This interview is the latest in an Accepted.com blog series featuring interviews with medical school applicants and students, offering readers a behind-the-scenes look at top medical schools and the med school application process. And now, introducing Jessica…
Accepted: We’d like to get to know you! Where are you from? Where and what did you study as an undergrad? What is your favorite ice cream flavor?
Jessica: Great! I’d love for you to get to know me as well! I am from a small town in Southern California, and I studied Cell/Molecular Biology during undergrad.
My favorite ice cream? I LOVE mint chocolate chip – specifically, the kind from Thrifty’s.
Accepted: Where are you in med school? What year?
Jessica: I am an incoming MS1 at a wonderful school here on the West Coast. I love my school, because it focuses on raising physician leaders who will go on to serve in underserved communities.
Accepted: What’s your favorite class so far?
Jessica: As of now, I have not begun the official curriculum, but I am looking forward to topics that deal with Genetics and Molecular Biology.
Accepted: Did you go straight from college to med school? Or did you take time off? (If you took time off, how did you spend your time?)
Jessica: No, I did not go straight to medical school from college. I finished undergrad in December, and worked full-time until matriculation. In addition to working, I went on mini-adventures throughout California, and experienced this great state as a tourist would.
Accepted: Looking back, what was the most challenging aspect of the med school admissions process? How did you approach that challenge and overcome it?
Jessica: I think the most difficult part of the process was post-interview. There were times when I left an interview and felt as though I presented myself well, but then I would receive an admissions decision contrary to what I had believed. These adverse decisions were difficult for me to process, because I believed there was something wrong with me.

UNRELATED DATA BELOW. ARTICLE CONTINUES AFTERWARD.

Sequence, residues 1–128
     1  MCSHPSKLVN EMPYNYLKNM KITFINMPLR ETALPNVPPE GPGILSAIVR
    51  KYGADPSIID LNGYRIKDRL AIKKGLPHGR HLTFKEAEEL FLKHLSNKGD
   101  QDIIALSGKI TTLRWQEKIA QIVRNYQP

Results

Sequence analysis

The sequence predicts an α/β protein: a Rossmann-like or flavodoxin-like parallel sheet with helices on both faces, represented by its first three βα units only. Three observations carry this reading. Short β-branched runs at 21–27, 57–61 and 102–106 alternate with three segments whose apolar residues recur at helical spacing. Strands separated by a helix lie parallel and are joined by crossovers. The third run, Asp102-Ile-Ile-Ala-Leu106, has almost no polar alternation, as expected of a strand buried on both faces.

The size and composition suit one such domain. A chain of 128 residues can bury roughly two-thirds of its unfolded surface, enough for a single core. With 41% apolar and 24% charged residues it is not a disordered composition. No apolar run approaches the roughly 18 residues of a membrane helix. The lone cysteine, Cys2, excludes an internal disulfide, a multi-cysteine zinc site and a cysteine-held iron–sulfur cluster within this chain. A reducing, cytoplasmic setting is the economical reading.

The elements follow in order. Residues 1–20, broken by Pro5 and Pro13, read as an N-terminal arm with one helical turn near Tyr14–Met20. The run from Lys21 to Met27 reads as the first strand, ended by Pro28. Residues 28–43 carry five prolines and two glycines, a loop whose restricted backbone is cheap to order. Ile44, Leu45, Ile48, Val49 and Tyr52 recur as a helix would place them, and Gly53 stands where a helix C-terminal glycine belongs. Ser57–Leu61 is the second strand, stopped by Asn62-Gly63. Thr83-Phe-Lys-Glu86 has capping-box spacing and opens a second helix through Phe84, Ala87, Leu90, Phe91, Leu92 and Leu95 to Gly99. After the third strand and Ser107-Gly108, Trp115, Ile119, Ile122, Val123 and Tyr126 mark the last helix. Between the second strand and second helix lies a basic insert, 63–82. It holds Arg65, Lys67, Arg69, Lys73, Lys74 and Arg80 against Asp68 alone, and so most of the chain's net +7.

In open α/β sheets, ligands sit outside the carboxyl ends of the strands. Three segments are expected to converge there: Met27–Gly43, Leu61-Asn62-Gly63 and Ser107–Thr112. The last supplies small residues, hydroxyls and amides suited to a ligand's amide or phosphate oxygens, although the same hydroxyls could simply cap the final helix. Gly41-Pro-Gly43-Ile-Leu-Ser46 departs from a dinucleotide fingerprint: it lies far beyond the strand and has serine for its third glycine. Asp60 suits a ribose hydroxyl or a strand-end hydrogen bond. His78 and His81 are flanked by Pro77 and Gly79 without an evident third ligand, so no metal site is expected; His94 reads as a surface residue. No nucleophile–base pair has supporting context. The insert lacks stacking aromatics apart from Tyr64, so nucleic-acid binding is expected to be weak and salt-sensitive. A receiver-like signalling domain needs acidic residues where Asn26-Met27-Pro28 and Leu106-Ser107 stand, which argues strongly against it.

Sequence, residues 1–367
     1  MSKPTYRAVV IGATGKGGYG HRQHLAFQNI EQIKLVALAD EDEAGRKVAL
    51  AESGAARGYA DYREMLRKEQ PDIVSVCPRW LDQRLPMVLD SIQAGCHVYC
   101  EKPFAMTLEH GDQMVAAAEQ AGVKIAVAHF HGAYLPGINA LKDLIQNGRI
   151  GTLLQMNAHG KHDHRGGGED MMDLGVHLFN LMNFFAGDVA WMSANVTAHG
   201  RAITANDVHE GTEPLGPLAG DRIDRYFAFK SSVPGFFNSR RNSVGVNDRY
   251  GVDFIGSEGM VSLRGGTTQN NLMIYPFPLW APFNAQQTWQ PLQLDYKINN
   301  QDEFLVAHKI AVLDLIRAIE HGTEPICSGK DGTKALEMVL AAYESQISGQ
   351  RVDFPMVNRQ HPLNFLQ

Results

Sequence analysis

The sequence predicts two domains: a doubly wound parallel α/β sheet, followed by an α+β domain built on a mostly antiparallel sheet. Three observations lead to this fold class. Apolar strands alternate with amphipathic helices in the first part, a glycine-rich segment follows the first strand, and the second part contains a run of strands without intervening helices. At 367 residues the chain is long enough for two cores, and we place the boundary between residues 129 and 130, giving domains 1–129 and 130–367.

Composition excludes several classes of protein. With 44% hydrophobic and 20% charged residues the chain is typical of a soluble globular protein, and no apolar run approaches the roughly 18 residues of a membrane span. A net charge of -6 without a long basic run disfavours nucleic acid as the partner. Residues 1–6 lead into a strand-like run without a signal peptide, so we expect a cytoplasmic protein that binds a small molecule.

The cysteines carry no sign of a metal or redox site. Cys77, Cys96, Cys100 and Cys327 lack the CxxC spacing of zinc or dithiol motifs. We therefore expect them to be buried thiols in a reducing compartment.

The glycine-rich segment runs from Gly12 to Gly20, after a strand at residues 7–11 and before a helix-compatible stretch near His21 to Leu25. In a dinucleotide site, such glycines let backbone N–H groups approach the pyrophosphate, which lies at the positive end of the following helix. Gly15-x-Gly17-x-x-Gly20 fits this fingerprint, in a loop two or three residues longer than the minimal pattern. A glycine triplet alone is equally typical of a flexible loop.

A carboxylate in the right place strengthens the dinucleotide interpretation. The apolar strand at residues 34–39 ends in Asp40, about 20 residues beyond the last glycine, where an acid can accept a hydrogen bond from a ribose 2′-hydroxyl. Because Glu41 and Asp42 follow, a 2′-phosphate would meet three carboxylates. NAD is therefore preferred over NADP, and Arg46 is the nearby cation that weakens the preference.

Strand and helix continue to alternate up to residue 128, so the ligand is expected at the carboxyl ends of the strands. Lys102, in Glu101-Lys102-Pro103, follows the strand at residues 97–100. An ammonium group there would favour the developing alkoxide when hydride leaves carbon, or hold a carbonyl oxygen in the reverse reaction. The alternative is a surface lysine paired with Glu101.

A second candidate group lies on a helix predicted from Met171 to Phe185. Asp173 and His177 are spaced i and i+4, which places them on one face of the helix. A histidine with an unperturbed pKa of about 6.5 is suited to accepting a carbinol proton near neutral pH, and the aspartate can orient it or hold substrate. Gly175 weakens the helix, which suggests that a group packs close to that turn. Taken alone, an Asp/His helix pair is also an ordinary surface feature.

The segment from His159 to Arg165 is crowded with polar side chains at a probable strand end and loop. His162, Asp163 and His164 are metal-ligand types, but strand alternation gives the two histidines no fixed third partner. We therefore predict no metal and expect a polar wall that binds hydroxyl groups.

Those negative feelings were indeed real, but I decided to change my perspective on the application cycle. Instead of basking in those feelings, I chose to acknowledge them and change how I viewed an adverse decision. It was not because there was something wrong with me, rather I was not a good fit at a particular school. By changing how I viewed these decisions, I was able to process my feelings in a healthy manner, and not take things personally. In addition, I was able to encourage others who struggled with similar feelings.
Accepted: Can you tell us about your blog? When did you start blogging? What have you gained from the experience?
Jessica: Sure! I began Operation: Med Student because I felt I had a lot to say, but no place to say it. I wanted to find an avenue that: 1. allowed free self-expression 2. created a place where I could encourage future applicants and 3. allowed my family and friends to stay updated on my life as I transitioned into medical school. The latter was of most importance, because medical school will require most of my time and I did not want my relationships to suffer.
In March of 2015, I began to blog and I absolutely love the experience. I love connecting with current and future applicants, talking about musical interests and discovering new bloggers. From this experience, I learned that it is healthy, if not necessary, to find an avenue to release your feelings. It could be through journaling, singing, dancing…literally, anything! It is something that I highly recommend to those who struggle with expressing themselves.
Accepted: On your blog you talk a lot about your adventures. Can you share some highlights?
Jessica: As far as my adventures, I think one highlight was my recent trip to San Francisco. It was an absolutely amazing and freeing experience. There, I was able to attend a food festival called “Off The Grid,” and had a fusion chicken and waffle sandwich. I am an avid foodie and I must say it was delicious!
Accepted: And last but not least…your thoughts on boba and K-barb?
Jessica: What is boba and K-barb? Well, boba pearls are made of tapioca and can be put in hot or cold drinks such as teas or smoothies. You have to try it!
K-barb, short for Korean BBQ, is a unique experience that allows you to cook your meal yourself. You have a choice of several meats and sides (i.e. marinated chicken, brisket, kimchi) that can be used to create your own delectable meals!
You can follow Jessica’s med school adventure by checking out her blog, Operation: Med Student. Thank you Jessica for sharing your story with us!
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Do you want to be featured in Accepted.com’s blog, Accepted Admissions Blog? If you want to share your med school journey with the world (or at least with our readers), email us at firstname.lastname@example.org.
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